Eww. But I guess a man’s gotta eat. Especially a freebooting soldier of fortune.

How to become a gentleman-at-arms? Harvey covers that too. Jack comes under the tutelage of a Master Nicholas, who “offers tuition in rapier, fauchon, hanger, glaive. The smallest weapon in his armoury, all of which hangs neatly from racks on the classroom walls, is a novelty that fits between the knuckles of the fourth and middle finger; the largest, a Swiss broadsword, has a blade of four feet. Armed with such a weapon, at the height of his stroke a man can attain the velocity of a slash with a throat-cut razor.”

And what about that horror and brutality I mentioned earlier? Just a few examples.

Early in the book, Jack nearly dies at the hands of the gang on the Amsterdam docks. He’s found just in time with “a wound below the arc of his ribs, crusted with pus, like a fissure in a geode.” But he survives.

He also survives a climactic battle when the Swedish army of King Gustavus Adolphus attacks and destroys the town which the Imperial army is occupying.  Harvey’s meticulously researched description of the weaponry is masterful. Her telling of the up-close-and-personal nature of the killing is mesmerizing. Sickening, but mesmerizing.

A colonel Bronheim, already wounded, shouts in despair at his fleeing men. Then,

“At a window fifty feet away, a Swedish musketeer, less hurried than his fellows, takes a paper cartridge from his belt (another innovation, this), opens it with his teeth, tips powder and cartridge straight down the barrel of his musket and thinks, Now then. Let’s see what this can do. There. That fellow, that one bellowing and roaring – how could he miss?

“Kneeling, he balances its barrel on the windowsill. Squeezes the trigger, back, back, ba-a-ack…they’re a novelty, firelock muskets, and none of them quite trusts that the burning fuse, coiled in its iron pincer by the stock, coiled like the smallest, deadliest of snakes, will somehow every time find the touch-hole – and fires. A single shot, a calligraphic flourish of smoke.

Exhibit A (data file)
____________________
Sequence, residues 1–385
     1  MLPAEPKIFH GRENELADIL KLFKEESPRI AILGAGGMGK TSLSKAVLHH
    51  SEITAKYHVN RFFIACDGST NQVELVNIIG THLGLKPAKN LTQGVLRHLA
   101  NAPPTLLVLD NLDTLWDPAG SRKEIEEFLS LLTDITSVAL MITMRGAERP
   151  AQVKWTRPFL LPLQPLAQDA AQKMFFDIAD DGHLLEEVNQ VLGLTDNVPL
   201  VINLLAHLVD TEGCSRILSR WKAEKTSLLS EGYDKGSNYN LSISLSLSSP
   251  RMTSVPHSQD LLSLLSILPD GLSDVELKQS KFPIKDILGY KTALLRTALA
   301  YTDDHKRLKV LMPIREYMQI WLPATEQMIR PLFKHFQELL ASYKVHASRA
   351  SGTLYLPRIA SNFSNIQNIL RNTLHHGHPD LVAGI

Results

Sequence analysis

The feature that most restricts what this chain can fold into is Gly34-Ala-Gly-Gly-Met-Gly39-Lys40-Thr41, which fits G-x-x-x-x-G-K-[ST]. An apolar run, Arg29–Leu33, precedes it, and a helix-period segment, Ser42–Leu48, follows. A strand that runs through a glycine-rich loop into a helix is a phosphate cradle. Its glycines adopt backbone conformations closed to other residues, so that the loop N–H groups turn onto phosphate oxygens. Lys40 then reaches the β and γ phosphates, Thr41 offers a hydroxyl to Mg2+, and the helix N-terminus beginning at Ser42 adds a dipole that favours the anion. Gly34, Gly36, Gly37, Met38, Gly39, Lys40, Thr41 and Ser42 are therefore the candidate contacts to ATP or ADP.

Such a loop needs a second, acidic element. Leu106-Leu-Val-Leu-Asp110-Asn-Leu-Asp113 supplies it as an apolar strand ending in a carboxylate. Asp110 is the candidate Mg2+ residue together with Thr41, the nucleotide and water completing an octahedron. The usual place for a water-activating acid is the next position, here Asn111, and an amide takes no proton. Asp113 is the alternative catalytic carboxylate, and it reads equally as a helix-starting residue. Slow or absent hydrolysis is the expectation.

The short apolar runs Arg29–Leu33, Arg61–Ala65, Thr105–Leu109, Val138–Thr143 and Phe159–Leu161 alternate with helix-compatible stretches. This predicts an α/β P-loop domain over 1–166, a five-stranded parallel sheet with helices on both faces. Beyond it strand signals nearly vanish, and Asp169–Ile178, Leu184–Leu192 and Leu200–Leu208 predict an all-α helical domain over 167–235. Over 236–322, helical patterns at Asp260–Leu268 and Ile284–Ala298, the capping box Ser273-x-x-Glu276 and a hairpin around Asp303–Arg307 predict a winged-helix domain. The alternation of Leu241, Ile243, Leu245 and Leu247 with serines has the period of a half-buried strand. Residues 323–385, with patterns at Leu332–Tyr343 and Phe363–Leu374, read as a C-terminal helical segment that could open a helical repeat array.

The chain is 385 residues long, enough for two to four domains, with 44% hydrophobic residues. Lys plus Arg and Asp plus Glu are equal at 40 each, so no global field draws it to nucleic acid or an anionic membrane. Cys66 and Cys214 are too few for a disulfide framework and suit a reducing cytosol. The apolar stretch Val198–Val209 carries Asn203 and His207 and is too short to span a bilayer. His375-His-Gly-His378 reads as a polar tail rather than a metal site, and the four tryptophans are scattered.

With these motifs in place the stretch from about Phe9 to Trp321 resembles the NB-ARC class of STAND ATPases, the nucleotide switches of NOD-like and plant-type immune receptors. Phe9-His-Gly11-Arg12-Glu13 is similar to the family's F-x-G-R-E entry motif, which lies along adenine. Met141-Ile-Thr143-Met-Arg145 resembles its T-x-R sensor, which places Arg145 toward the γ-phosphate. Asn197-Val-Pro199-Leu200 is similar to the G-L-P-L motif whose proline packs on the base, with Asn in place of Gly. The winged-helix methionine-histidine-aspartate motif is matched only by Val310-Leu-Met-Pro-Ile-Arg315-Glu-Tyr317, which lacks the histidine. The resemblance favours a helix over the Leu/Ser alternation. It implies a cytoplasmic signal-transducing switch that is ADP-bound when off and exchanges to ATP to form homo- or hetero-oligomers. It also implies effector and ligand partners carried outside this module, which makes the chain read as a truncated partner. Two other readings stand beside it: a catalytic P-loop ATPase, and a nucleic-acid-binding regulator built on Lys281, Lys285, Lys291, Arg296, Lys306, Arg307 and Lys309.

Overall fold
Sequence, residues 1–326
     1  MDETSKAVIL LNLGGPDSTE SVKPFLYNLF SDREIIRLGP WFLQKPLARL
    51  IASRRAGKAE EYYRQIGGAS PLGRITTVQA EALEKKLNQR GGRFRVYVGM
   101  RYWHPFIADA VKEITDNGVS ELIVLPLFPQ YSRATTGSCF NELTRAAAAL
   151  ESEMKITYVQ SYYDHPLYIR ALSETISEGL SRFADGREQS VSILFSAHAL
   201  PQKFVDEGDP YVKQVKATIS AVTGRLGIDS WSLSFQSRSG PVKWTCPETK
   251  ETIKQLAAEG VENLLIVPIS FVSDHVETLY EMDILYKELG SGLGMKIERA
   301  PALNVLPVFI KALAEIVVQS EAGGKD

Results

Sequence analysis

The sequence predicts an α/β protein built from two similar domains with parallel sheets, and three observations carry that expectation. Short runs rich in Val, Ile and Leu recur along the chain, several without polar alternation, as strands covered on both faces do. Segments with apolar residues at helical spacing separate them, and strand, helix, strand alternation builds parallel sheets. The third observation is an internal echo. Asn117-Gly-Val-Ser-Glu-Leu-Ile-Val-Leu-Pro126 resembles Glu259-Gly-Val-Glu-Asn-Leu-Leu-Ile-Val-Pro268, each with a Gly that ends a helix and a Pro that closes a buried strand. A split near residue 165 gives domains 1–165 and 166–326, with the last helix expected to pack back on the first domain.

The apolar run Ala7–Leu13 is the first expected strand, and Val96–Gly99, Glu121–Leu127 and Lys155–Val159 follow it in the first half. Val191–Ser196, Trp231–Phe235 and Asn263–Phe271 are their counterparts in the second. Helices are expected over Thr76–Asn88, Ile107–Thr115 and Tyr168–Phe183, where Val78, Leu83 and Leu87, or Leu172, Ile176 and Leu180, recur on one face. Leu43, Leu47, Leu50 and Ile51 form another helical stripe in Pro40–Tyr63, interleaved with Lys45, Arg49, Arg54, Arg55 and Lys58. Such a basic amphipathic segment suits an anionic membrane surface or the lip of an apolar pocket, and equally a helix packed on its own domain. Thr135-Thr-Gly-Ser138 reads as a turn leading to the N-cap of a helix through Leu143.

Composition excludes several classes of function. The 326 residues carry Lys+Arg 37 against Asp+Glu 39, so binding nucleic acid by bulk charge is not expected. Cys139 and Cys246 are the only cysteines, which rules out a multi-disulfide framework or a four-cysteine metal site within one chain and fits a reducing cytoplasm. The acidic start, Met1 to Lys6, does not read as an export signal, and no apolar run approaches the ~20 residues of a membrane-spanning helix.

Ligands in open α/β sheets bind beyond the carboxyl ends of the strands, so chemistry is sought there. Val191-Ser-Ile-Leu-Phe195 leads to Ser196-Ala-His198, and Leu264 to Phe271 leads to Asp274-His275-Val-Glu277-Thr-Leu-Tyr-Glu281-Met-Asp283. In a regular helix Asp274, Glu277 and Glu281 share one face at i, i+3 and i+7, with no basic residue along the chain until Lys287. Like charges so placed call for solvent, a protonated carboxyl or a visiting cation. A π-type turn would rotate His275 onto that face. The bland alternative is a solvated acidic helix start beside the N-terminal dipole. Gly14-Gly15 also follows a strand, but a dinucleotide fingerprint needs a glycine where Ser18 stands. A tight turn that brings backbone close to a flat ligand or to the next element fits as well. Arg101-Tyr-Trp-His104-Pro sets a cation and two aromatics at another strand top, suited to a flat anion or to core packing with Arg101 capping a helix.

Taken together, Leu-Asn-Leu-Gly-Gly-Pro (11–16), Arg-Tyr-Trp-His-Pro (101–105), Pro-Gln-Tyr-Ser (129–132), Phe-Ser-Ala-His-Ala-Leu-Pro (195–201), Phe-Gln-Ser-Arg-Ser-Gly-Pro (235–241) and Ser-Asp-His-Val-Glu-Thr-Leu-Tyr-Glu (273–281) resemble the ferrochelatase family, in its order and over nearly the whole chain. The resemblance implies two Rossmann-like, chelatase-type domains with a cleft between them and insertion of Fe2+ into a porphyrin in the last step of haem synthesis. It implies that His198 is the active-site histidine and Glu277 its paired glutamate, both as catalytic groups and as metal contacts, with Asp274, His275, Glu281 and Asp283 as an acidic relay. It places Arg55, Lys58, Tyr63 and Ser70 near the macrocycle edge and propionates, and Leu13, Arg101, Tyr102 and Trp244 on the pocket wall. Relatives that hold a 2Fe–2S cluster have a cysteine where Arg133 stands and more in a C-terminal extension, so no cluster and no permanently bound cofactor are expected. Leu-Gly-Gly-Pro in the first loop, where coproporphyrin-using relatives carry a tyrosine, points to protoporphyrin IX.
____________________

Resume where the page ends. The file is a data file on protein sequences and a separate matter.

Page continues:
“Bronheim, still bellowing, hears the shot that takes him; hears it come in like a hornet for the attack. Feels the course of fire it ploughs through his chest, feels those organs in its path implode.”

I’ll leave it to you to read the book and Harvey’s ever more graphic and gruesome account of Jack dispatching a foe with sword and dagger. But suffice it to say that it might just be enough to turn a guy like General Sherman into a peacenik.

Yes, war is hell. Always was.  

So we know what kind of guy Fiskardo is. He is a Hard Man. He has a silver wolf token.  Whoever it was that killed his mother lost it in the doing of that “black work.” The killer is still at large, and at the end of the book, when Jack is with the Swedish army, he tells his second-in-command as they march into Germany, “He’s there. Trust me. I can feel it in my blood.”

There’s another Fiskardo book coming, and then another. So move over, J.K. Rowling. Here’s J.C. Harvey.

Never Forget

January 27, 2022

Today, January 27, is International Holocaust Remembrance Day. It is the anniversary of the liberation of Auschwitz-Birkenau, the massive murder factory where more than a million Jews were put to death as part of Adolf Hitler’s Final Solution.

We must never forget those innocent victims of the Nazis’ insane crusade. Nor must we forget the five million other Jews and the five or six million other people who were killed by a nation that had gone mad. These numbers are estimates, educated guesses. No one really knows for sure just how many lives were snuffed out, how many life stories will never be told.